Since the relaxation of lockdown this week in England, meeting friends or a simple handshake has become rather confusing. The UK Government has allowed groups of six people to meet in public, but they have ensured a minimum distance of 2 meters from one another.
People who had their jobs laid off amidst the pandemic have been called back to work, but they’re not allowed to travel via public transport.
The question remains, however, as to how real this easing is, is a way of hiding the Government’s incompetency of coping with the pandemic at hand or, merely a way to get the masses back to work, leveraging responsibility of the population to get the economy started back again.
Director of the Medicine department at Oxford University, Professor Carl Heneghan says, “We cannot stay under lockdown forever. It is too informal to make this all about one disease. You have got to look at the varied spectrum of health issues here. The unembellished impact on people’s lives and shutting down of schools and universities, which, as we know has been linked to health aftermaths.
Meanwhile, as major limitations are being lifted, it is somewhat easy to forget about the minor ones. They must, however not be underestimated. Professor Carl Heneghan says, “Acute respiratory infection in the week before lockdown, dropped to as low as half of what it was at the beginning of the pandemic, so social distancing and washing your hands were indeed having a noteworthy influence.”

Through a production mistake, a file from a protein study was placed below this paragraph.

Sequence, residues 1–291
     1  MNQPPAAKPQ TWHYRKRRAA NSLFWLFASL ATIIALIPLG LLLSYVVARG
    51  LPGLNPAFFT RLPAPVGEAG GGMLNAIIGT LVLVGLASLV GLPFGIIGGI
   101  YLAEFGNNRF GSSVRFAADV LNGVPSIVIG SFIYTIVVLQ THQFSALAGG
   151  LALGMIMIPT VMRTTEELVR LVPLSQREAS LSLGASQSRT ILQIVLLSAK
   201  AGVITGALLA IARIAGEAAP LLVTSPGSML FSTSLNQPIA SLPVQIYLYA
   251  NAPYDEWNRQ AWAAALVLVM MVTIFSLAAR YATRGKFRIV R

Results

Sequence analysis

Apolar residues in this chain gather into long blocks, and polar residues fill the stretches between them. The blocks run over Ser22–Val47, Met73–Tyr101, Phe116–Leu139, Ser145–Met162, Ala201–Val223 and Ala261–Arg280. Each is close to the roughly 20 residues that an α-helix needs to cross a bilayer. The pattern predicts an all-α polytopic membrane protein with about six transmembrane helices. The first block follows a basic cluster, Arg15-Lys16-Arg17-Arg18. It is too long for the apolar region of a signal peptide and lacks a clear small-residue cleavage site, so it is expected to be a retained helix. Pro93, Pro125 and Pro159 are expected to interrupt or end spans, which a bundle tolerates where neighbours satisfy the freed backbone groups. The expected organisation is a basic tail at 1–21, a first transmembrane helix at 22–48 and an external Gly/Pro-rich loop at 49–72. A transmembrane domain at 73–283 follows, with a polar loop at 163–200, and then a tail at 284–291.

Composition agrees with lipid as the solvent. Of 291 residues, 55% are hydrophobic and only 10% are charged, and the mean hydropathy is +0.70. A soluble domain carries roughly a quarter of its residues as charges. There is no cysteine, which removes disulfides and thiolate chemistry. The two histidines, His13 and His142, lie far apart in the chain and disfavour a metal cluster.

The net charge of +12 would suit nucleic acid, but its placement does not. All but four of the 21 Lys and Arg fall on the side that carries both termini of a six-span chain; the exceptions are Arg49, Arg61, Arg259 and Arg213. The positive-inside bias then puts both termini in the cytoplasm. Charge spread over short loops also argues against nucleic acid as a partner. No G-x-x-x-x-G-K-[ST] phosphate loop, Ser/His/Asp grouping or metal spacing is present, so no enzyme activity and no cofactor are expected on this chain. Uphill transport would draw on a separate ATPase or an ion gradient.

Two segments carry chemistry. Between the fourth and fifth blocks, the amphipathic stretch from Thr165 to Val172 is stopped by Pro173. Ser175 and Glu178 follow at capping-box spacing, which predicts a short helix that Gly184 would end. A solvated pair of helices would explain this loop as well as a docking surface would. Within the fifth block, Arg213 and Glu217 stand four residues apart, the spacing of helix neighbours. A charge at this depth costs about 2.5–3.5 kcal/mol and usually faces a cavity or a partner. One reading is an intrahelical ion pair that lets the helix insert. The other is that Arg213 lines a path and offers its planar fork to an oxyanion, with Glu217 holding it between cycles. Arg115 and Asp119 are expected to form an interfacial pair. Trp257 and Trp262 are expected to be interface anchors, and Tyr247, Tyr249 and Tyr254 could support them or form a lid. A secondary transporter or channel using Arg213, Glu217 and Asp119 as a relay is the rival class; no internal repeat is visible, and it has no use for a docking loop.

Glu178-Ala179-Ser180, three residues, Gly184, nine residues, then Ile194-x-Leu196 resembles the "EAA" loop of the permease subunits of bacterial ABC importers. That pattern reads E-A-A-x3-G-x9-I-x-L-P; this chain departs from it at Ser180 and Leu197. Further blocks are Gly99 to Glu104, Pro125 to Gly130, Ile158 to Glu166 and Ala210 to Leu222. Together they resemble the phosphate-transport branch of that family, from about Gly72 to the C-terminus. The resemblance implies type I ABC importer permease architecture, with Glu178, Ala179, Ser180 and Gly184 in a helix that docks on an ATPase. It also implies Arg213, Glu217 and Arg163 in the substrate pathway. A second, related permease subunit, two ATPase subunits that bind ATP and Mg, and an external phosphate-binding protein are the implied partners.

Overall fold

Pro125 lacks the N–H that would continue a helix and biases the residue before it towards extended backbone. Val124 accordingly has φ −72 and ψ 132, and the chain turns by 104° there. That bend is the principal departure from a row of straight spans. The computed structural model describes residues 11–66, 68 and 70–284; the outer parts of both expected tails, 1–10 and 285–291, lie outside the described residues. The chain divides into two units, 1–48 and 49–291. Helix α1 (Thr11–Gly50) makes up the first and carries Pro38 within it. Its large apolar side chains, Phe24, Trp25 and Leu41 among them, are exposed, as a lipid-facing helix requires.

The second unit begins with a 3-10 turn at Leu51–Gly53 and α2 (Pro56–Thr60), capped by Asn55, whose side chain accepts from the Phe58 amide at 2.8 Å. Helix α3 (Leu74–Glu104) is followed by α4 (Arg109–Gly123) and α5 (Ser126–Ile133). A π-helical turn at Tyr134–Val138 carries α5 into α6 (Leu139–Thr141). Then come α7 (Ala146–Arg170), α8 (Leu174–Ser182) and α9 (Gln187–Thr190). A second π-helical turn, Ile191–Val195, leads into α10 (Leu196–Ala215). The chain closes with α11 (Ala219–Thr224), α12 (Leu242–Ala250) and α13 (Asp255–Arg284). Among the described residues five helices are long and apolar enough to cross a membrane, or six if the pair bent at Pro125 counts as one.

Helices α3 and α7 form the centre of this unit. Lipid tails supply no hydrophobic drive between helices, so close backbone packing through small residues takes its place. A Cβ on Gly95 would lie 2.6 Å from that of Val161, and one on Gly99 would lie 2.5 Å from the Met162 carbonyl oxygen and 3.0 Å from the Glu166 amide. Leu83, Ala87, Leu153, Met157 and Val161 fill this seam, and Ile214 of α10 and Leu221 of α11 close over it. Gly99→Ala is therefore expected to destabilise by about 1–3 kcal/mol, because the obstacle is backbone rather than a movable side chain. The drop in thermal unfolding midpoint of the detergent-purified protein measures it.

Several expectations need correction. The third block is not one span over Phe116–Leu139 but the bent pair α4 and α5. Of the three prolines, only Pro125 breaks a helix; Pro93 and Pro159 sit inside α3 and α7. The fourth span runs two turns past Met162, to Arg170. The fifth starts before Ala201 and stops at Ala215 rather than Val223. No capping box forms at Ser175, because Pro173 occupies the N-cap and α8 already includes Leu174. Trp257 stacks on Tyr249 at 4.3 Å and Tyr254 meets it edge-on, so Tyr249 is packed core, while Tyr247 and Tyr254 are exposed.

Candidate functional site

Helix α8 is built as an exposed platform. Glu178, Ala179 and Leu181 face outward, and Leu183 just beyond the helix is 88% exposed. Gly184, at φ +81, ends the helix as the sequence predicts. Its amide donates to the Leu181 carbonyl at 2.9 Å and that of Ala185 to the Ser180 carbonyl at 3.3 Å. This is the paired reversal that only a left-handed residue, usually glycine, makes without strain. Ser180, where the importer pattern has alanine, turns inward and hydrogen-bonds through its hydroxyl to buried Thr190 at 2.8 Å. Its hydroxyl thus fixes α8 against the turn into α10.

This somewhat “ease” in lockdown in England, does give rise to a few rational but confusing questions. How can you be sure that the party or gathering you have just been invited to will have exactly six people and no more?
If you know it is going to end up with a large number of people joining, what is the best way you can refuse politely?
An etiquette coach William Hanson is just the man to answer this question. “Before the pandemic, it was felt a bit awful to ask, who else is going to be there?” But now, the concern is genuine and rather healthy to ask without sounding rude. One way is to simply disguise it in a way like, “If you are bringing a cake, let me know how many people it will be for?”
What people should be focusing on isn’t, if they’re allowed to do it, it’s rather, ‘Is genuinely constructive or necessary?’